I don’t like big government and I look at any new regulation with skepticism first.  I consider economic, ecological, and health values, and also what and how compliances should be implemented.  Can it be private, or must it be public?

What I like is government that is the correct size to do the correct job:  To serve the public good iowa pigsas a collective tasked to protect the safety and the well-being of its citizens.

 

 

The Die Hard Constitution

Bruce Willis has a message for advocates of stricter gun control legislation:             “Don’t infringe on my rights!”

attends 'Die Hard - Ein Guter Tag Zum Sterben' Germany Premiere at Cinestar Potsdamer Platz on February 4, 2013 in Berlin, Germany.“I think that you can’t start to pick apart anything out of the Bill of Rights without thinking that it’s all going to become undone,” said Willis.  “If you take one out or change one law, then why wouldn’t they take all your rights away from you?”

Not an illogical concern, but also not rooted in a full understanding of representative democracy.  Hold onto your Beretta, but our Charters of Freedom are not perfect, nor did the Founding Fathers delude themselves into thinking they were.

When the Constitution was written, it was written by, and for, white, male land owners (probably less than 15% of the population); not exactly the perfect document to express freedom and inalienable rights.  The Bill of Rights and the ratification process of amendments were created to give evolving relevance to the charter and to inform citizens of constitutional protections so that laws could be written to enforce those rights and to govern fairly as we grew.

That is where their collective vision came into play.

ca. 1980-2001

The truth is, the Constitution was written to define only two purposes:  1) to establish a federal government and 2) to delegate to that federal government limited (and enumerated) powers.  The Constitution does not give us rights, but is designed to protect our rights.

The intent of the Bill of Rights was to prevent misconstruction of governmental powers and to ensure public confidence as a unified proclamation defining issues, deliberated upon to a point of agreement.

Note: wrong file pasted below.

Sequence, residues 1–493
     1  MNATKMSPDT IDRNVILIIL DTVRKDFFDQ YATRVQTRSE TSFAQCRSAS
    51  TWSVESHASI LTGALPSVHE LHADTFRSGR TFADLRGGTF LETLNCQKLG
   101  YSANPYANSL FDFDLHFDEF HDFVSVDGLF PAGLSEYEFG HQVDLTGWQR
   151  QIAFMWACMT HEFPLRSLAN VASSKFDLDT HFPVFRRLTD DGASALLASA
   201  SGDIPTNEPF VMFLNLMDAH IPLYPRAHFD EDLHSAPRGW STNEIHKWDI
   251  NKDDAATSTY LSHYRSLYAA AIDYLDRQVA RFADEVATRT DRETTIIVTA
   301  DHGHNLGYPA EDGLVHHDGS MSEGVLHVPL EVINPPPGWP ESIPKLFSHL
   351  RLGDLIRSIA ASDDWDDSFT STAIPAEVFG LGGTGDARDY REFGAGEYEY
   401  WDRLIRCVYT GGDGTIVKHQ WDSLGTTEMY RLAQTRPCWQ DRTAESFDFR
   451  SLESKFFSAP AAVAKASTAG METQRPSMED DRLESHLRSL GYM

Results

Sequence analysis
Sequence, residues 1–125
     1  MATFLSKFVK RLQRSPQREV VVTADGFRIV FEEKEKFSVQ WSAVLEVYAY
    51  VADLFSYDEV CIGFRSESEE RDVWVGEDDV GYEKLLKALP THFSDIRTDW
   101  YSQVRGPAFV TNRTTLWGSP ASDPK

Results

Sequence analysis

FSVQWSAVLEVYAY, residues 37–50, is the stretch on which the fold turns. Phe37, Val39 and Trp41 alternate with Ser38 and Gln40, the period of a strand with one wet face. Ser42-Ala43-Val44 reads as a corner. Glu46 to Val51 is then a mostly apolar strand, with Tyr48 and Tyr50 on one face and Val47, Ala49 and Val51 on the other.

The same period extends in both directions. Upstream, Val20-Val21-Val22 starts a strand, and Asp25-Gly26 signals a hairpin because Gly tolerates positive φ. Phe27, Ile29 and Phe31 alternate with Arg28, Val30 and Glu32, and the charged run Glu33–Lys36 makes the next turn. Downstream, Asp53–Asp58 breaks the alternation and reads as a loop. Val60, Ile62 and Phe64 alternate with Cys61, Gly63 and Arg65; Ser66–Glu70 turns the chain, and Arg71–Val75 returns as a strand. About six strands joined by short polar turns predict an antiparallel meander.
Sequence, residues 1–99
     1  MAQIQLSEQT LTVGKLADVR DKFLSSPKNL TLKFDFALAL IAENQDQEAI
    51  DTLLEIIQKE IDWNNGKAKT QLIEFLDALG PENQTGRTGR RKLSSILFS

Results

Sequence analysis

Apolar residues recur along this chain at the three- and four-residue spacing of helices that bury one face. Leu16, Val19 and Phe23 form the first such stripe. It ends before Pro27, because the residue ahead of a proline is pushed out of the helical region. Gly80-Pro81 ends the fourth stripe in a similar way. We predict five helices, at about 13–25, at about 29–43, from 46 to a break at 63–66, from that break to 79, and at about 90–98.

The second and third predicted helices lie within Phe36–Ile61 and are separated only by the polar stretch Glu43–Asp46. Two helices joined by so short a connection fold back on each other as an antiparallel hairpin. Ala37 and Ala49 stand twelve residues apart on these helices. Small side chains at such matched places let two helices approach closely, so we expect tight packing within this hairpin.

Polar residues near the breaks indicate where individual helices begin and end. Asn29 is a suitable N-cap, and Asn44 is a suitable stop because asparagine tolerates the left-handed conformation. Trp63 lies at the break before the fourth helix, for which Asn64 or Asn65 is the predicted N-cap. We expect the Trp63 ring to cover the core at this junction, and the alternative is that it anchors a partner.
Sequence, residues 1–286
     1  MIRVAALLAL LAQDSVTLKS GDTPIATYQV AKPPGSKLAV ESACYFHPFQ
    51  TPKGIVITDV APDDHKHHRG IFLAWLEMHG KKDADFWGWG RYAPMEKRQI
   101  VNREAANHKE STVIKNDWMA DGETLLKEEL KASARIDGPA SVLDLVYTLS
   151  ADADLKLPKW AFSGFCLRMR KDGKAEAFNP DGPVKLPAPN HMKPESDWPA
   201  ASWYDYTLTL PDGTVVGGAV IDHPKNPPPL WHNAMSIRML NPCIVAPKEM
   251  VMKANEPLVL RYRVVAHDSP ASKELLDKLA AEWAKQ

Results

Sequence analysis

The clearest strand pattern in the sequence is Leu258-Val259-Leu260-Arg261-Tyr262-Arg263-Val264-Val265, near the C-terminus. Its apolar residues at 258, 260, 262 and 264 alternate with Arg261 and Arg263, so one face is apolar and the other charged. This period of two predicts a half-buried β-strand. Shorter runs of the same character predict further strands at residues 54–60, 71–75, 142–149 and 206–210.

For example, voting within the system of government originally set forth, did not include women, but as our social consciousness progressed we came to realize, through our process of representative democracy, that the right must be clarified to include women, and the 19th amendment was ratified.

The rights of citizenship did not include former slaves even after emancipation and the 13th, 14th and 15th Amendments were written and ratified to clarify the purpose and extent of freedom protected by our government.bor

The 1st Amendment was written to give the promise of freedom a strong foundation, but it also continues to be clarified in courts as slander and defamation issues will always nugentsurface.

When 2nd Amendment rights are bandied about by everyone from Bruce Willis to Ted Nugent who profess that, “We cannot meddle with what our Founding Fathers put forth,” it is without the understanding of what they actually “put forth.”

The 2nd Amendment must also be examined and interpreted as society itself changes.

Even 100 years after the Constitution was written it remained inconceivable that Americans would use firearms inappropriately.  It was, in fact, considered un-American that the President of the United States would ever require security- even after Lincoln was assassinated!  The American people remained steadfast that assassination was contrary to our national psyche.

It was only after the third assassination of amckinley-assassination2 president, the murder of President McKinley, that we started to think differently.

Today, as we examine the words “A well-regulated militia, being necessary to the security of a free State, the right of the people to keep and bear arms, shall not be infringed” we absolutely must put them in the context of their time.

We can, indeed, rightfully “bear arms” but as our societal norms have changed, as our weaponry has changed, parameters must be created and continually re-examined to accommodate or contain new realities.

That is not an affront to the Constitution as Mr. Willis has implied, rather, it is the realization of its true intent; to create a society of fair and just laws to protect our liberties in a changing world.

Life and Death

Gun Control is a very difficult subject when you are running for office in Iowa (anywhere, actually).  But, it is an important subject because it illustrates a candidate’s approach to policy and so I feel that it is imperative to address my views.